goal post with XFL logo

The goal post with XFL logo is visible at Dignity Health Sports Park before an XFL game between the Los Angeles Wildcats and the Tampa Bay Vipers on March 8 in Carson, Calif. JOHN MCCOY/GETTY IMAGES/TNS



Three days after the XFL suspended operations, the upstart league that promised “fan-first football” and “less stall, more ball” filed for Chapter 11 bankruptcy Monday.

The eight-team league, which canceled its season last month in response to the COVID-19 outbreak, all but evaporated with a 15-page document in U.S. Bankruptcy Court in Delaware.

“Unfortunately, as a new enterprise, we were not insulated from the harsh economic impacts and uncertainties caused by the COVID-19 crisis,” the XFL said in a statement.

The filing estimated the league’s liabilities between $10 million and $50 million — there are 1,000 to 5,000 creditors — against the same range in assets.

A list of the 25 largest unsecured creditors attached to the filing provides an unusual glimpse inside the expenses of a professional sports league, albeit one that played only a handful of games before its inaugural season jolted to a stop.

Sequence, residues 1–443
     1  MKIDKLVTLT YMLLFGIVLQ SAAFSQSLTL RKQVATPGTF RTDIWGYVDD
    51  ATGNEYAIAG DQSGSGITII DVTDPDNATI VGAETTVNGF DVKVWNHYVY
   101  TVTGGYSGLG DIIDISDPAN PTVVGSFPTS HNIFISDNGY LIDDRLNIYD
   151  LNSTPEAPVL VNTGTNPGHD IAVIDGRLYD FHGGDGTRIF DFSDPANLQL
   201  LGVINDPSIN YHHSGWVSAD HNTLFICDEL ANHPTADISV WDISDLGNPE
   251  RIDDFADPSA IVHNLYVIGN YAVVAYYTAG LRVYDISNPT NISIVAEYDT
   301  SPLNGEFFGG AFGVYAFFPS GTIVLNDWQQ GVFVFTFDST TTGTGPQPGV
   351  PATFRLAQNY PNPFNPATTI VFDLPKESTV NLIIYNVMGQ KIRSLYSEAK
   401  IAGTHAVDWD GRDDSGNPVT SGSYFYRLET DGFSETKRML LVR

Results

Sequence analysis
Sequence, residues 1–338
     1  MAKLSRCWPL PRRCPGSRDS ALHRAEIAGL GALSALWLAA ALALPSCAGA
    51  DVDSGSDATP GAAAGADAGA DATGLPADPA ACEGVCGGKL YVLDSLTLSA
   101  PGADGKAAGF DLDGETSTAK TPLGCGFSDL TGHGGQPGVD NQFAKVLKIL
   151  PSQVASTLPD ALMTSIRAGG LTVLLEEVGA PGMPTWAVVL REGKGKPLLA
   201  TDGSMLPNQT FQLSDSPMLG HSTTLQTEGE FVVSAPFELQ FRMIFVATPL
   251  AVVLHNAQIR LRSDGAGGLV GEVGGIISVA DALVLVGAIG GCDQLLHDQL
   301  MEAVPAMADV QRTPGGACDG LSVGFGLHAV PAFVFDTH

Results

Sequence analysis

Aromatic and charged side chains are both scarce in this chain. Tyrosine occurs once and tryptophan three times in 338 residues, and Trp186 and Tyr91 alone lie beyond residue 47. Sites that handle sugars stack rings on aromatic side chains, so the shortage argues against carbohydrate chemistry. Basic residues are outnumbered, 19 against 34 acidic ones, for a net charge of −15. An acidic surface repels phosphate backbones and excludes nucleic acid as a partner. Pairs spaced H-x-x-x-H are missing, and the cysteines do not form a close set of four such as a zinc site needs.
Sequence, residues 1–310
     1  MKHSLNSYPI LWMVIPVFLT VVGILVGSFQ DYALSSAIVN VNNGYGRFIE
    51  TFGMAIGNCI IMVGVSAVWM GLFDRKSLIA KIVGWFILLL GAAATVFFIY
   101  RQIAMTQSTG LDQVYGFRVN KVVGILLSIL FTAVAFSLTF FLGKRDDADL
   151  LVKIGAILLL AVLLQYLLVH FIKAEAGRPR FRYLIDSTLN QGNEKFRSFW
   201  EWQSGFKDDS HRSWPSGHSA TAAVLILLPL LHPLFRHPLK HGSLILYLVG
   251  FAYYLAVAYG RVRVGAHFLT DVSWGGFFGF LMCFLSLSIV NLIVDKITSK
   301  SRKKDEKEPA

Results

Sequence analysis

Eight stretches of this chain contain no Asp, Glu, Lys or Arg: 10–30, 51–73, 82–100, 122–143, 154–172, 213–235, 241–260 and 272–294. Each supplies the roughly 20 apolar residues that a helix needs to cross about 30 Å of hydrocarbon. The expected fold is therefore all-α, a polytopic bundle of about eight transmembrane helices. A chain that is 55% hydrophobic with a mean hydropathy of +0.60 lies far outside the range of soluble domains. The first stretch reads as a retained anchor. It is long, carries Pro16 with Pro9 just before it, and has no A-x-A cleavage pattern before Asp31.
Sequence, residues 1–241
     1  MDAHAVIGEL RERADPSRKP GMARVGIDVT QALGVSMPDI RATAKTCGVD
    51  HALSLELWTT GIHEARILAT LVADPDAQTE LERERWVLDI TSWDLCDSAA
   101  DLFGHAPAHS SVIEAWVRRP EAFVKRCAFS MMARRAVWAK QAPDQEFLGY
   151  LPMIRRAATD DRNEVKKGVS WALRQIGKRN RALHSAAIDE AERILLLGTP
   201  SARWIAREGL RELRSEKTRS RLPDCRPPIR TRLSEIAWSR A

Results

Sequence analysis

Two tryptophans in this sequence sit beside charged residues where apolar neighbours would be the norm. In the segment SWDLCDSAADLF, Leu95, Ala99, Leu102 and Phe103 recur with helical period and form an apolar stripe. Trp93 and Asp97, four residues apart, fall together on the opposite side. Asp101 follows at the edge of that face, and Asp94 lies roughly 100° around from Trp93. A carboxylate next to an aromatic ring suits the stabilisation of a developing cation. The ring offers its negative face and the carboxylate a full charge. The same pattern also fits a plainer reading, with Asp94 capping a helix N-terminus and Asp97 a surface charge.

The creditors include seven of the league’s eight head coaches, led by Bob Stoops of the Dallas Renegades ($1 million) and Marc Trestman of the Tampa Bay Vipers ($777,777). Winston Moss, who served as coach and general manager of the Los Angeles Wildcats, is owed $583,333.

Pep Hamilton of the D.C. Defenders is the only coach not listed among the top 25 creditors.

Four creditors are listed as “venue costs” for the use of stadiums in East Rutherford, N.J.; Houston; Tampa Bay, Fla.; and Washington, D.C. The top unsecured creditor is the nonprofit St. Louis Sports Commission at $1.6 million, followed by a television broadcasting services company at $1.2 million.

Other creditors include 47 Brand, a Boston-based apparel company, which is owed $846,000, and XOS Digital, which advertises video editing solutions for professional sports, at $887,752.

The XFL is owned by World Wrestling Entertainment chief executive Vince McMahon through Alpha Entertainment LLC. According to the bankruptcy filing, WWE owned 23.5% of Class B shares in the league, while McMahon owned all Class A shares and the remainder of Class B shares.

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